verb (used with object)
Origin of flay
Examples from the Web for flay
He was captured and—despite loud calls to flay him alive, lynch him, tear him apart, and the like—given a lengthy trial.
The Chicago Tribune took every chance to flay Truman, as The Wall Street Journal daily flays Obama.
Whoever advised President Obama to flay Israel publicly until this week should be fired.
Why, sir, if they was to catch Monkey in Chukkers's country they'd flay him.Boy Woodburn|Alfred Ollivant
To flay off your skin, that I may make me a warm cap against the winter.The Book of Stories for the Storyteller|Fanny E. Coe
The fourth article doth imply that my wife will flay me, but not all.Gargantua and Pantagruel, Complete.|Francois Rabelais
The bridge-opener—when he found him he would take him into the desert and flay him alive; and find him he would.The Weavers, Complete|Gilbert Parker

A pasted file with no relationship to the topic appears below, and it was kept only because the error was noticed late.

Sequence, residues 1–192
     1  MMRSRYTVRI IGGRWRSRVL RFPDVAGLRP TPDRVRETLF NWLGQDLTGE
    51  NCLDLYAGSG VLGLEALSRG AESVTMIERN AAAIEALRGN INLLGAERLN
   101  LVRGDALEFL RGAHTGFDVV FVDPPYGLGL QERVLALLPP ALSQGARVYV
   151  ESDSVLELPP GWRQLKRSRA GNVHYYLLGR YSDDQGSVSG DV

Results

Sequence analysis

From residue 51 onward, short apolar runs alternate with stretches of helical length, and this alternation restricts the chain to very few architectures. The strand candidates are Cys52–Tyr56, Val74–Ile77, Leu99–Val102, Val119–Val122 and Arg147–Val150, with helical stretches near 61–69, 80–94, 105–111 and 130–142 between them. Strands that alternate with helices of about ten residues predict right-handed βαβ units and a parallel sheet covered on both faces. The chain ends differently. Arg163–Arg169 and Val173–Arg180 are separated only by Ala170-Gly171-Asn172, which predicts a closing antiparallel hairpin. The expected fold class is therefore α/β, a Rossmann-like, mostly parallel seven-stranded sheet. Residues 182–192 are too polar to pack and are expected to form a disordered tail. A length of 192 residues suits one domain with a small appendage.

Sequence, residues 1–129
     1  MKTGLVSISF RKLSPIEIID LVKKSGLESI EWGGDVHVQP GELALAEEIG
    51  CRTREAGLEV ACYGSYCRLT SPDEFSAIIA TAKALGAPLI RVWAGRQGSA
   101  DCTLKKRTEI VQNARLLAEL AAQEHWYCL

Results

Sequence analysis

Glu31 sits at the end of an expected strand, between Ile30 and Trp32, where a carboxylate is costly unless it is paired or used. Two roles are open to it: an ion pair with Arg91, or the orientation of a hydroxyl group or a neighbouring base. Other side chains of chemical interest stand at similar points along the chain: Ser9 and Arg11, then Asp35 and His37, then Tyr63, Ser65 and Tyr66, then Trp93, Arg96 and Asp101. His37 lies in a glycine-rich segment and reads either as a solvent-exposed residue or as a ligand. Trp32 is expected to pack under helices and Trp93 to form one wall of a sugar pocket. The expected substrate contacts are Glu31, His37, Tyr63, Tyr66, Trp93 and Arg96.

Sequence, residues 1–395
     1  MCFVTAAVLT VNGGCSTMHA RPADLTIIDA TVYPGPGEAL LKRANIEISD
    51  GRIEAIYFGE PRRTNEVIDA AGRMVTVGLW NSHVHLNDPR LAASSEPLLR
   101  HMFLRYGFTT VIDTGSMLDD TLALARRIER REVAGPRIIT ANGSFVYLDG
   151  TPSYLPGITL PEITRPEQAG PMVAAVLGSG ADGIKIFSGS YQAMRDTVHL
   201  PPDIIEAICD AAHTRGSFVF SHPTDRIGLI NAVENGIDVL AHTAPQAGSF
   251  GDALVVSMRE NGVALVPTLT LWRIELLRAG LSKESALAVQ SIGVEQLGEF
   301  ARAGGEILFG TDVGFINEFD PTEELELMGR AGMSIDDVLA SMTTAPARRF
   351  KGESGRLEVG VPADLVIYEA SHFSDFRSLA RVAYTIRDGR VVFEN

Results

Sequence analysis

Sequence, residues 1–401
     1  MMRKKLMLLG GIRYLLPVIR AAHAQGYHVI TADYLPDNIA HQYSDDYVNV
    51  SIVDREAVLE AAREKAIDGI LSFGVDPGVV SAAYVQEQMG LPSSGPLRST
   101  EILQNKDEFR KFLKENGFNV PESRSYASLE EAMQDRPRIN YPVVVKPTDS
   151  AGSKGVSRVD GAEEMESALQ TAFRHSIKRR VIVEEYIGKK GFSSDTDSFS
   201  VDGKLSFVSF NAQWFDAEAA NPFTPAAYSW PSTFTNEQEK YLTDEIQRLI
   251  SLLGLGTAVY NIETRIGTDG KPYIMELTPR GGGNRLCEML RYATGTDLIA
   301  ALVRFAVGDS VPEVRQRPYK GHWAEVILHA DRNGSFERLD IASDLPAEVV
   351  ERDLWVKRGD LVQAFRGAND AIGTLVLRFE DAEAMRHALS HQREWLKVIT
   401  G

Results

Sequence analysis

You can flay me alive, if you like, or send me to the galleys, or ruin me in any fashion in your power.The Transgression of Andrew Vane|Guy Wetmore Carryl
British Dictionary definitions for flay
Word Origin for flay
Word Origin and History for flay
Old English flean "to skin" (strong verb, past tense flog, past participle flagen), from Proto-Germanic *flakhanan (cf. Middle Dutch vlaen, Old High German flahan, Old Norse fla), from PIE root *plak- (2) "to hit" (cf. Greek plessein "to strike," Lithuanian plešiu "to tear;" see plague (n.)). Related: Flayed; flaying.